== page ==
Washington state and ocean conservancy join Chile in a pre-COP25 ocean acidification knowledge exchange

Santiago, Chile – Delegations from Washington state and Ocean Conservancy are meeting with local shellfish growers, scientists and Chilean government ministers as part of an official pre-COP25 event to discuss the threat of ocean acidification and plan responses for their communities and businesses. The discussion and visits to local shellfish growers and government ministries organized by Ocean Conservancy will provide an opportunity for an exchange of knowledge between growers, scientists, and government officials from Chile on ocean acidification and its impacts.

Shellfish growers from Washington state to Chile feel the harmful impacts of ocean acidification. Acidification hinders the health and growth of shellfish, corals and some fish species. Ocean acidification is a change in seawater chemistry caused by the ocean absorbing carbon emissions, turning it more acidic. Coastal runoff and waste can also increase acidification in coastal waters. This knowledge exchange will provide a space to share experiences and knowledge so that we may collectively address the harmful impacts of ocean acidification.

Washington state enjoys a special working partnership with Chile founded around a Memorandum of Understanding between the two governments. As part of this partnership, the two parties cooperate with each other on actions around shared areas of interest including ocean acidification along with disaster risk reduction and their energy sectors and economies.


Sarah Cooley, Ocean Acidification Director, Ocean Conservancy, Washington, DC

Bill Dewey, Senior Director of Public Affairs at Taylor Shellfish Farms

Jennifer Hennessey, Senior Policy Advisor on Ocean Health, Governor Inslee’s Office, Washington state

Ambassador Rodrigo Olsen, Director for the Environment and Oceanic Affairs at the Ministry of Foreign Affairs and COP25 Chief Negotiator

WHEN: September 30 – October 3, 2019

WHERE: Valparaiso, Puerto Montt, Santiago, Chile.

MEDIA AVAILABILITY: The knowledge exchange participants listed above are available for interviews to speak to the following:

The impacts that climate change and ocean acidification are having on coastal communities, cultures and livelihoods.
Their experiences and adaptation strategies as they deal with changes in the ocean’s chemistry along with other environmental changes.
The latest science on the changing chemistry of the ocean.
Reporters interested in conducting in-person or phone interviews with Sarah Cooley or Bill Dewey should contact Ocean Conservancy, contact information listed above.

Reporters interested in conducting in-person or phone interviews with Gov. Jay Inslee of Washington state should contact the Washington State governor’s office, contact information listed above.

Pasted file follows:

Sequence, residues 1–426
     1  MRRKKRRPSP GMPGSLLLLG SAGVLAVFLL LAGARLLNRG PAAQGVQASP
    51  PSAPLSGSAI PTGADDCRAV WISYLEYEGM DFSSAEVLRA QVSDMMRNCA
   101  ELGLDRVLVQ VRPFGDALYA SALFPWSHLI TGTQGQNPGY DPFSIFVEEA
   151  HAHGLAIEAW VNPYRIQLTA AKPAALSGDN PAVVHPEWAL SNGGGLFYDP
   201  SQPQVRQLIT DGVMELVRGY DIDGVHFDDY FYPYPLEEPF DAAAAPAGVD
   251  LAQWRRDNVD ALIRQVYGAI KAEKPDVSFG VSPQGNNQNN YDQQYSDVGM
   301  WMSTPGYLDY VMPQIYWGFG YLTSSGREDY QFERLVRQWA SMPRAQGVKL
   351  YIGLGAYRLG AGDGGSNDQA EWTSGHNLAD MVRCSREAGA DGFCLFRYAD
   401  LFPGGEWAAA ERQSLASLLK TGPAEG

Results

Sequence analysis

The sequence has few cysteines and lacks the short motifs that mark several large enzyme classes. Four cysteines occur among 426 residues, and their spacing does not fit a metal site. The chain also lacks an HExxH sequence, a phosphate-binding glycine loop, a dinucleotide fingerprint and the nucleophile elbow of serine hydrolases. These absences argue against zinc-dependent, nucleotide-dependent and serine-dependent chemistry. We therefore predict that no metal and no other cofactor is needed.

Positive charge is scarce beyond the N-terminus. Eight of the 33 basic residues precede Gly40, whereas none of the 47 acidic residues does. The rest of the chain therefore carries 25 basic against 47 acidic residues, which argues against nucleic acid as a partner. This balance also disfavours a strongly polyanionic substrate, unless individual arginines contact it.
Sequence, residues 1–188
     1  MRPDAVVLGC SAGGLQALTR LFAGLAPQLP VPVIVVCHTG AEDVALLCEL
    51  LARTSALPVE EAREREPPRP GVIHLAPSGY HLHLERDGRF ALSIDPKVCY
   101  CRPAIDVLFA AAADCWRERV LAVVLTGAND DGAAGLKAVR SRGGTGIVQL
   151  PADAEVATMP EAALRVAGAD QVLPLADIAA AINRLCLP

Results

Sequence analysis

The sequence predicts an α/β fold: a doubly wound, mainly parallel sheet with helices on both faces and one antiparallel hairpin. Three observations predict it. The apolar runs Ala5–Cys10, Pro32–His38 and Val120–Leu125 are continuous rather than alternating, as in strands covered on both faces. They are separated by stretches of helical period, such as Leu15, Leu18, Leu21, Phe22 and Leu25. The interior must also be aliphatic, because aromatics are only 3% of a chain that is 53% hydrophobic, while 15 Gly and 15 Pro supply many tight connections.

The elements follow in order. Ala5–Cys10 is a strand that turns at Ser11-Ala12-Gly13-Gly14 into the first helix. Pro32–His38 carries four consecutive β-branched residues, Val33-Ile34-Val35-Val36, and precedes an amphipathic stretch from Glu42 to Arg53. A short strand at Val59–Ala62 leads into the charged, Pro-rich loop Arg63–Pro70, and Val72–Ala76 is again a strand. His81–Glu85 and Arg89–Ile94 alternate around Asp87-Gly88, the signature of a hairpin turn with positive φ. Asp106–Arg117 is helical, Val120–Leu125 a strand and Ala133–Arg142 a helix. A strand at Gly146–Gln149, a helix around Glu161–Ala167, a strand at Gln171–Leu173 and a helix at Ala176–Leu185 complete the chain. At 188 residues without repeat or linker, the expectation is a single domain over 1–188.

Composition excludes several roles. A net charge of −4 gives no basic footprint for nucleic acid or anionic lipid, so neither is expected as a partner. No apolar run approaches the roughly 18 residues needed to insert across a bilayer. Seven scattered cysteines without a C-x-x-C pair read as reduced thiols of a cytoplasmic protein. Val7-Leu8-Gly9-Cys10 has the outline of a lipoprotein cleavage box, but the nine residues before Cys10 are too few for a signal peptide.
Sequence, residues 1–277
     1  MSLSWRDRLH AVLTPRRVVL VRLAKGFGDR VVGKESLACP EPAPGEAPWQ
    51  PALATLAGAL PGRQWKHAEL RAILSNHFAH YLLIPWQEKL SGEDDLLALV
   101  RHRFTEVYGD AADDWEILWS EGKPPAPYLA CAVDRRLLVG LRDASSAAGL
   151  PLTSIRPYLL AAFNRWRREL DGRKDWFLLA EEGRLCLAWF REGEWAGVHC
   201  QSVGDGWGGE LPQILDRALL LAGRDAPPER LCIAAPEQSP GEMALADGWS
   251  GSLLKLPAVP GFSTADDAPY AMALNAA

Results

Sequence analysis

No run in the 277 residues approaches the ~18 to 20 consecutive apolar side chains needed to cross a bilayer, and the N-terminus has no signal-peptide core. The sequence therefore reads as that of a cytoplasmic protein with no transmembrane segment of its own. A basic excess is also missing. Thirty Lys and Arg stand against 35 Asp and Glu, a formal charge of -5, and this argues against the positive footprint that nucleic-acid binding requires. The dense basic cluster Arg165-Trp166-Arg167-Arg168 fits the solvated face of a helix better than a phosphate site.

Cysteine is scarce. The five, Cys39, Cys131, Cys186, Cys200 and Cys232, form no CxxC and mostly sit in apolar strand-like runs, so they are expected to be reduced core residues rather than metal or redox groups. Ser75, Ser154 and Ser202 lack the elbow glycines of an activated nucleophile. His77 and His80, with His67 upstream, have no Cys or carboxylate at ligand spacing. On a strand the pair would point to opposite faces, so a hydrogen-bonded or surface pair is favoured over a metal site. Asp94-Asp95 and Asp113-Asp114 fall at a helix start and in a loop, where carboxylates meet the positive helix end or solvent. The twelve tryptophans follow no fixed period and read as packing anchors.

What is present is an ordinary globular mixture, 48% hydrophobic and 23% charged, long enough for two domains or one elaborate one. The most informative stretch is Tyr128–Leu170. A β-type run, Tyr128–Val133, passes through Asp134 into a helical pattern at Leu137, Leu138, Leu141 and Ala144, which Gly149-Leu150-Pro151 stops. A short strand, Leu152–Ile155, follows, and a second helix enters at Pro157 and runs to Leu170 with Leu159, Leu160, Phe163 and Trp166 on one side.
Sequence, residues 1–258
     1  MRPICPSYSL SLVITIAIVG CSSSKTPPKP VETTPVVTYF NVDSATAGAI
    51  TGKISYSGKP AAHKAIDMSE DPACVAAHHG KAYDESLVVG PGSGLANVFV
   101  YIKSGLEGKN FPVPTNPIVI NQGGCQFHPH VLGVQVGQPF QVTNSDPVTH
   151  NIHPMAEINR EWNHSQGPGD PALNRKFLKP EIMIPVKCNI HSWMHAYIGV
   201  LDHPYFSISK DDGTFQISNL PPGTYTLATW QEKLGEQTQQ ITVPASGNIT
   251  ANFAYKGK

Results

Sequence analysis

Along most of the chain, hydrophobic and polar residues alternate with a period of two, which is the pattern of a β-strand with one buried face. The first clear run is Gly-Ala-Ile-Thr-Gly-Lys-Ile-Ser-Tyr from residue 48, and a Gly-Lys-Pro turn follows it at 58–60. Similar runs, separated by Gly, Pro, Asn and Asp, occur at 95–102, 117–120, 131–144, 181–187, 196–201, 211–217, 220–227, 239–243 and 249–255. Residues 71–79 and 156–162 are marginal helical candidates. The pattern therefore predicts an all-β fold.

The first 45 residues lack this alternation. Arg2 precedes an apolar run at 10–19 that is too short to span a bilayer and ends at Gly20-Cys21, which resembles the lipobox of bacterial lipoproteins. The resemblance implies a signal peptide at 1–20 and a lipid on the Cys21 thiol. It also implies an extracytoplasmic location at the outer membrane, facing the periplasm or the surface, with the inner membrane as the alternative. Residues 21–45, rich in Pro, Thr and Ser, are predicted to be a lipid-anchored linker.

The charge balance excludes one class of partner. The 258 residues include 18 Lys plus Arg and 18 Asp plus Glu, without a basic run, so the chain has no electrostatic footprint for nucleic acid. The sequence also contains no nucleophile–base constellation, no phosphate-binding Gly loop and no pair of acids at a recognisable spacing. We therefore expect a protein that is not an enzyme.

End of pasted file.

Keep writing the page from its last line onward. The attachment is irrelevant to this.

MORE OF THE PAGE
“The shellfish industry is incredibly resourceful and have been deeply involved in finding solutions to the effects of ocean acidification,” said Sarah Cooley, Director of Ocean Acidification for Ocean Conservancy, “This exchange allows shellfish growers and scientists from the US and Chile the opportunity to help each other understand and respond to ocean acidification. It’s vitally important that the communities impacted by ocean acidification have the chance to meet in person and learn from each other.”

“Up and down the coast of Washington state, ocean acidification has damaged shellfish aquaculture production. This is especially detrimental, as Washington state leads the nation in oyster production, with some of finest oysters in the world growing in our waters,” Gov. Jay Inslee said. “Water knows no borders, and it will take the collective work of governments regionally, nationally, and internationally to mitigate the impacts of climate change and ocean acidification.”

“Ocean acidification is a threat that not only those of us in the Pacific Northwest face, but shellfish growers all over the world face,” said Bill Dewey, Senior Director of Public Affairs at Taylor Shellfish Farms, “I am excited for the opportunity to learn from my colleagues in Chile and share experiences about the impacts of ocean acidification. Chile is a world leader on ocean issues and it’s crucial that we all work together to protect our ocean and livelihoods.”

“I’m proud that this week Chile held an important knowledge exchange of the effects of acidification on marine resources and seafood industry,” said Ambassador Rodrigo Olsen, Director for the Environment and Oceanic Affairs at the Ministry of Foreign Affairs and COP25 Chief Negotiator, “Since we are hosting the ‘Blue COP’ in December, we also want to highlight the problems of carbon dioxide in our ocean. Acidification of our marine environment is a critical issue, and we need to prepare for it.”

Cody Sullivan, Ocean Conservancy, 3 October 2019. Article.

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